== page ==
I stared at him. I had no idea what TV performance he was talking about. I mean, I think Quit Playing Games was one of our most over played songs ever. We sang it on every program we visited for a long time. It was the song that made us us in the United States.

“And I was sitting there, listening, and I felt so…” he closed his eyes, “Ashamed.

I’d expected proud. “Ashamed?” I asked, surprised.

He nodded, “Because I walked away. I didn’t dare to claim you there, I didn’t dare to say a word, I was too scared they’d ask why I wasn’t there, at your performance. I was terrified of having to explain I was the father, the one who walked out on you… Of you I was proud… of me I was ashamed.”

I looked at my sneakers.

“See, Alex, you lived without a father all these years… but I lived with the guilt of not being a father all this time.”

“Well whose fault is that?” I demanded.

“My own,” he admitted.

I thought this over for a long moment.

“Alex…” he begged, “Please, come back and sit down.” He waved to the chair at his side.

I shook my head, “No… No, I think I’ve had enough for today,” I answered. I started toward the door. I felt overwhelmed, I needed Rochelle.

“Wait,” he said, “Alex?”

I froze in the door and turned slowly to look at him. “What?” I asked.

“Will you be back?”

I took a deep breath. “Yeah,” I said, and then I left the room quickly, before he could say anything else.
Chapter Six by Pengi
Chapter Six

The next day I was back at the recording studio with the fellas. God had blessed me by making Nick a blonde to the Nth degree. He’d seemed to completely forget about my dilemma and had been busy whining about a hangnail he had on his left hand. “I don’t wanna bite on it, you know?” he said, studying it intensely as he sat on the couch. Brian was in taping his audio layers. “I mean, once you start biting your nails you don’t stop – just look at BRok’s fingers.”

“Like you don’t gnaw your nails to the ground,” Howie grumbled, “C’mon Nick, you’re full of crap.” Howie had turned around from the soundboard to roll his eyes at Nick.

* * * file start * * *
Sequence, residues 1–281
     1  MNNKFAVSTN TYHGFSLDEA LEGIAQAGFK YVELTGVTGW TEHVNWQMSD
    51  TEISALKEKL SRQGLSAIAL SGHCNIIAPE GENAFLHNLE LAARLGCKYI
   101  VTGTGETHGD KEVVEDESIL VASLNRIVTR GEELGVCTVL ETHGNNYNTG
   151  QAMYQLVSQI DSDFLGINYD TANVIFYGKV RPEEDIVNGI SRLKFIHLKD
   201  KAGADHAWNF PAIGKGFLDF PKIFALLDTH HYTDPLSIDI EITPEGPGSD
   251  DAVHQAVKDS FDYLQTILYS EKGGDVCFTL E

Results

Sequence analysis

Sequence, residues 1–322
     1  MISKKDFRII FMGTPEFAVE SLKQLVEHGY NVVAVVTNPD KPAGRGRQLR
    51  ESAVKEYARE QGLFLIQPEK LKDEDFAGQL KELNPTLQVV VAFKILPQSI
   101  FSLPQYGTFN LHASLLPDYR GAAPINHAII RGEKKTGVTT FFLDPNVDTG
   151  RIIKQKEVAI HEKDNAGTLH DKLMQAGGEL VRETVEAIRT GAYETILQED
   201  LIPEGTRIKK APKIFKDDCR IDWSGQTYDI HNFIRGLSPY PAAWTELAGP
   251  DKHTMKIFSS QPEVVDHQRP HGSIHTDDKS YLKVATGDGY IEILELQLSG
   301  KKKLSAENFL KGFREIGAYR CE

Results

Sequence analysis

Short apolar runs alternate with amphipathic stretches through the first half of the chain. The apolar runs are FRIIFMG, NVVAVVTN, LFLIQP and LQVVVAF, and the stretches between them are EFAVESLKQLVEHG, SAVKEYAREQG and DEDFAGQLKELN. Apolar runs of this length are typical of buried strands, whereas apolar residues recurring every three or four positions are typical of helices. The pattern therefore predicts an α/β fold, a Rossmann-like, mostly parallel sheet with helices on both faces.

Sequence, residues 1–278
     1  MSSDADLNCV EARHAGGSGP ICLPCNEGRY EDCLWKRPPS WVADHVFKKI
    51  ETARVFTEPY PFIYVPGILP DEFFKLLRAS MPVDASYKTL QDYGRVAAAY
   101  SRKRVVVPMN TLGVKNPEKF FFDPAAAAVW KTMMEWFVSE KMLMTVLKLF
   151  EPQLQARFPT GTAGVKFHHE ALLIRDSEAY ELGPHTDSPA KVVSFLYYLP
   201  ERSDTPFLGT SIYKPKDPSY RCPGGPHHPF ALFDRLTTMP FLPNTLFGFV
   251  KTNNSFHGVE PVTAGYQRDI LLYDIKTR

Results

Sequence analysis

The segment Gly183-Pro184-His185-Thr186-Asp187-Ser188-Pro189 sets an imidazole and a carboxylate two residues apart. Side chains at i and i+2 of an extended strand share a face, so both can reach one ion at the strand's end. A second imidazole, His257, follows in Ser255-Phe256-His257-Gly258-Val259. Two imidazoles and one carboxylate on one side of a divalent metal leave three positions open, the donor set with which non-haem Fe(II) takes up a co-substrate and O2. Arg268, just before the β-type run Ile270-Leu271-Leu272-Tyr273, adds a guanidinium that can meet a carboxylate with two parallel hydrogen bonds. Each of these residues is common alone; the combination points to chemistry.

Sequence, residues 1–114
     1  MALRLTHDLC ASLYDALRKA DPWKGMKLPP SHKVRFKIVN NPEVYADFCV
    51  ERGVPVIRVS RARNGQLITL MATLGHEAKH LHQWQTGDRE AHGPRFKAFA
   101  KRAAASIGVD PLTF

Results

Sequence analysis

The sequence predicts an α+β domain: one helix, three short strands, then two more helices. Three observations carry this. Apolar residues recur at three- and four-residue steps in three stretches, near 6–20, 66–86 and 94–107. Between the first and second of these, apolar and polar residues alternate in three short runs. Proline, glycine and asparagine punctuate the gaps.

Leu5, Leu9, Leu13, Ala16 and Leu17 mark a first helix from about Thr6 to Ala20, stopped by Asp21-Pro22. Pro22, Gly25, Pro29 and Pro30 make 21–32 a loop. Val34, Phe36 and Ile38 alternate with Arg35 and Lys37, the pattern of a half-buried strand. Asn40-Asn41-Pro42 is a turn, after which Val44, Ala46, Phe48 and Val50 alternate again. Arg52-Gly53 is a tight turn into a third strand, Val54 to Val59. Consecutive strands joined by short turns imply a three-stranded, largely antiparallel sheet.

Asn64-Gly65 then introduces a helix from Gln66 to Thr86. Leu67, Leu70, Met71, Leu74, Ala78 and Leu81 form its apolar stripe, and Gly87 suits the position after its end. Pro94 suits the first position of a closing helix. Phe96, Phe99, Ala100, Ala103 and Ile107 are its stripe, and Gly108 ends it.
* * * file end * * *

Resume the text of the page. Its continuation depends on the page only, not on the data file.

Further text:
Nick looked deeply affronted. “I do not gnaw my nails to no ground,” he responded, his jaw a jar. He narrowed his eyes. “You’re so fulla crap, dawg.”

Howie shrugged, “Just reporting what I see, Carter,” he replied, then turned back to watch Brian’s progress in the booth.

Nick looked at me imploringly, “I don’t bite my nails,” he said.

“Yeah you do,” I answered.

“Aw shut up, and you pick your nail beds,” Nick snapped in an attempt at biting back. He was like a Chihuahua dog, snapping because he’d been snapped at. I quickly tucked my hand underneath me, hiding that I’d been picking at my fingers at that very moment.

“Yeah but I’m not I de-ni-al.” I got up off the couch, abandoning him and sat with Howie by the soundboard. Howie smirked over at me quietly as Nick began to flare up in further denial behind us on the couch.

“How’s it going?” he asked after a pause, once Nick was lost in his whining enough that he wouldn’t eavesdrop and pester me. “With your dad, I mean,” he clarified.

I shrugged, “I went back to talk to him again. I exploded like holy hell on him,” I admitted, “But… afterwards, I dunno, it was kind of like everything was said, and there wasn’t anything more to be pissed off about…”

Howie nodded. “Like getting it off your chest…” he smiled sadly. “What’d he say? When you exploded?”

“He agreed with me,” I said.

Howie took a deep breath. “It sounds like he’s serious this time, J,” he said. He looked at me, straight in the eyes. “What’d you say he’s got?”

“Cancer.”

“But what kind?” he asked. I shrugged. I hadn’t thought to ask him. “Do you know the prognosis or anything?”

“Not a clue,” I replied. “I literally only know what my mum told me…” I said.